GOING yesterday to dine with an old acquaintance, a distant relation, I was pleased to find that there were only a few friends and neighbors present, and that it was a simple family party. There is nothing so agreeable to a man of strong family feeling as an assembly of his kinsmen and kinswomen around a well-filled board. The intercourse between those who are bound together by the ties of friendship as well as of blood affords one of the rarest pleasures I am acquainted with.
I was anticipating the relish of this happiness before I left my old lodgings, and was realizing it as I went down to dinner with my cousin. But we were no sooner seated than I observed that although this lady was on my right hand, my friend's oldest boy, to my misfortune, was on my left. The boy is now about seven years old, and possesses many of his father's good qualities, but he has inherited from his mother an indiscreet zeal for chatting and propounding questions which, however becoming in the more mature and attractive, is out of place in the young and the uninformed. The humorous stories in Punch that relate the inopportune sayings of precocious children have often afforded me amusement, but the blunders that fell from the mouths of those "babes and sucklings" were nothing to the remarks of this prodigy. "Why, mamma," broke out the child in a lull of the conversation, "Mary has set the table with the best china."
My fair companion and I were soon deep in a pleasing discussion on social life.
"Men are purely and simply selfish," she began.
"Are you not too severe and too sweeping in stating your proposition? I shall await with interest your demonstration."
"If it suits their convenience," she continued, not minding my interruption, "to forsake their warm rooms and their cosy fires, they may sometimes be persuaded to grace a ball-room with their presence; but as for paying visits on ladies from whom they have received attention, they generally neglect them. If the truth be known, the entire social fabric is sustained by the votive offerings of the ladies."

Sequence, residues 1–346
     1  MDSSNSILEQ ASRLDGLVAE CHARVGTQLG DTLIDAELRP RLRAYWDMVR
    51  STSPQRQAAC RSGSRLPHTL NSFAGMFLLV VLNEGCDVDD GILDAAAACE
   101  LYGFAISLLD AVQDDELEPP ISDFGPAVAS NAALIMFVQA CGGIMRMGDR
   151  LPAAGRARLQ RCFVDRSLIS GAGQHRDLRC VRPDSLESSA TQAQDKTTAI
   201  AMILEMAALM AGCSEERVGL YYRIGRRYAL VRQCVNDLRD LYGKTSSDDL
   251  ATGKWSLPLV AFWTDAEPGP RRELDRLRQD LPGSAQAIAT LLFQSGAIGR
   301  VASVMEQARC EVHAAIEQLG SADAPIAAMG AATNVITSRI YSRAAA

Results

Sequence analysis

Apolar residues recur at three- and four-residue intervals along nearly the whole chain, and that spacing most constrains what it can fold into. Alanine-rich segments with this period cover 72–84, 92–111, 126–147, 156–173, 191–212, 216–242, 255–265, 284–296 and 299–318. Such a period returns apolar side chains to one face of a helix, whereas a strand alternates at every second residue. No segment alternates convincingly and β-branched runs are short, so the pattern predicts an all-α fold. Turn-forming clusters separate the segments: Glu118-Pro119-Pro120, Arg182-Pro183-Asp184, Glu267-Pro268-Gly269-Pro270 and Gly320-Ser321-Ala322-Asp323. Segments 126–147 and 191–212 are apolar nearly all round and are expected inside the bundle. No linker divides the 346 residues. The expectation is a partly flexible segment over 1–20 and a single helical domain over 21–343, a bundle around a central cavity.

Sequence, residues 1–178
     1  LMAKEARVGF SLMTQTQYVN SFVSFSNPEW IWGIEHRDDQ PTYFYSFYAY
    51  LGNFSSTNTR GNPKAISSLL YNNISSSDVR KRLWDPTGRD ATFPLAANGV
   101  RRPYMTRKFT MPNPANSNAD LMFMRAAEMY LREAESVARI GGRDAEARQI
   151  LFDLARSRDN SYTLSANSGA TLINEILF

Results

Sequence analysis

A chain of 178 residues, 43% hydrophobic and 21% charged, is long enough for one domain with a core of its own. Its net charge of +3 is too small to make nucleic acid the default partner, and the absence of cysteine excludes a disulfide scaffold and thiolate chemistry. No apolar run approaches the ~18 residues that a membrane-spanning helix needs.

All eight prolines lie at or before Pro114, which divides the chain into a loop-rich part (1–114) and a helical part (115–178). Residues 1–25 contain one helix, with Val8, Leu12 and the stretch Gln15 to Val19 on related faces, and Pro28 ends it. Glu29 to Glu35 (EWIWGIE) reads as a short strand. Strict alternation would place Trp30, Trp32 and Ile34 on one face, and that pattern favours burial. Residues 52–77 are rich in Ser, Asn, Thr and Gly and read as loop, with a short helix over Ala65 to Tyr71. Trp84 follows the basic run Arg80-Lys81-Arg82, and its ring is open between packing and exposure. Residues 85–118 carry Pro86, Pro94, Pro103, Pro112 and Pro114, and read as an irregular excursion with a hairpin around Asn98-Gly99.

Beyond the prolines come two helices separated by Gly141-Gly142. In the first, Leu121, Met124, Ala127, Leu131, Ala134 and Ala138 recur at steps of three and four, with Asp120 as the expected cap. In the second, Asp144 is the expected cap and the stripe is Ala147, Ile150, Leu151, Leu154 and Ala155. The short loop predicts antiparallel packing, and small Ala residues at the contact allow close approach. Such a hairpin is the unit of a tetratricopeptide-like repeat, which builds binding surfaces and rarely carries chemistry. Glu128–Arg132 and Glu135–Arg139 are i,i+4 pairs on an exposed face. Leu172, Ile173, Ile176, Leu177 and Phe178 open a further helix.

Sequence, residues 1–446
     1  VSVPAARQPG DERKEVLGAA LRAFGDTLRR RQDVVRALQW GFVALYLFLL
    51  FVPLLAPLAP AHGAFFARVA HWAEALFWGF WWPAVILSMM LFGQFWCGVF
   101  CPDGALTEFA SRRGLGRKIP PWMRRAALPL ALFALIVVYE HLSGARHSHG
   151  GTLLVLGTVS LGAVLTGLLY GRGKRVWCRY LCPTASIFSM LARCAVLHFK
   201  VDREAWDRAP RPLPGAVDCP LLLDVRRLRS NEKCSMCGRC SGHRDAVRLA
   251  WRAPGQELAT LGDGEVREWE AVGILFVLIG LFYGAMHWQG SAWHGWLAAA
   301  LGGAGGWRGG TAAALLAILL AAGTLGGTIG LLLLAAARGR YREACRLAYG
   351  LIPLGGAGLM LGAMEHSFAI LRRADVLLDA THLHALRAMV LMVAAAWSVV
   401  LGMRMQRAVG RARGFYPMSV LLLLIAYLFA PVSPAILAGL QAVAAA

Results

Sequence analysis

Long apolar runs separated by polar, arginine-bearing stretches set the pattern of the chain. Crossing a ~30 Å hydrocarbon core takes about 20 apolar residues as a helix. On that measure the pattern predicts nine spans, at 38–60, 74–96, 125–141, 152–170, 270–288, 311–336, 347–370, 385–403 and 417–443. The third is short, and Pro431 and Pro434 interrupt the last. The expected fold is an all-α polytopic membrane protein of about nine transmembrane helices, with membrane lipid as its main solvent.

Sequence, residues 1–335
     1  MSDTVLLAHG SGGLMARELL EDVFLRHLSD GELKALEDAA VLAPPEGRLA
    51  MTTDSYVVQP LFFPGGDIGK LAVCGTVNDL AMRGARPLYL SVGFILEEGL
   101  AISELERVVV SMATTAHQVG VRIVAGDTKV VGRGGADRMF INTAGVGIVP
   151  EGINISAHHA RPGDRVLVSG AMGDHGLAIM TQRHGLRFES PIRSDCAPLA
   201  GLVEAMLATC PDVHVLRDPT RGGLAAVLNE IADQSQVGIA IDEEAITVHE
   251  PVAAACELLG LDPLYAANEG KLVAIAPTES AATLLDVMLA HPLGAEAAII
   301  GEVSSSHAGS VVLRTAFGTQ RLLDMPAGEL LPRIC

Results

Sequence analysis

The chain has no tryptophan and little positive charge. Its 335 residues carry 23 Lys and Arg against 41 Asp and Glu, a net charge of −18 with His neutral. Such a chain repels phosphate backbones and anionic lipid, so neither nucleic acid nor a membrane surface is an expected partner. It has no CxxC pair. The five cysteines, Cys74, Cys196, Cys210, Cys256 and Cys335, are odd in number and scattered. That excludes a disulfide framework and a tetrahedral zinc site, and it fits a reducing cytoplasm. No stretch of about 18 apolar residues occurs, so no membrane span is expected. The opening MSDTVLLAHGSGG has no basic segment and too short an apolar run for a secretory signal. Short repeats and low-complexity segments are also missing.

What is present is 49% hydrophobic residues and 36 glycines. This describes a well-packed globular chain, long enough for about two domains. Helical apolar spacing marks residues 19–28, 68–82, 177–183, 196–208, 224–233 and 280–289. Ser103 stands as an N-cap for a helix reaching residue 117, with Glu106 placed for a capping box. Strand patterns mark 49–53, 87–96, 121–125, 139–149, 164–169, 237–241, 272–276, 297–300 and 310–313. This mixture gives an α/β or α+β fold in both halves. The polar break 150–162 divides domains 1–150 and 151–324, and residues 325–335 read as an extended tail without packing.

"What are votive offerings?" inquired the young seeker-after-knowledge; and all conversation was stopped until the sacrificial rites of the ancients were explained.
Before we had finished the meal the boy had asked me about my collar and my waistcoat, and as I pride myself on the modesty of my dress, these little attentions on his part did not increase my love and affection for the child. I have always admired the sound common-sense of the old gentleman who, when asked if he liked children, said he was very fond of them in Bougereau.
We had hardly sat down to whist in the parlor when my tormentor took a seat beside me, and gave me directions about playing my hand. I remonstrated with him, but to no purpose; he assured me, with the utmost candor, that his mamma liked to have him look over people's hands so as to learn how to play, and his father liked to have him watch and see who did the cheating!
But I was so wearied with this grievance that I withdrew early in the evening. On my return home I fell into a profound contemplation on the evils of family companies and the decay of good old Roman customs. The children in Rome, according to Tacitus, sat at a table apart from the triclinium where their elders reclined, and, we may justly suppose, did not add their valuable fund to the resources of polite conversation. The little Britannicus is said to have been sitting at one of those tables when he took the poison. His fate was, to be sure, a severe and an undeserved one; but it was hardly more cruel than the doom I desired would fall on the imp who haunted me last evening.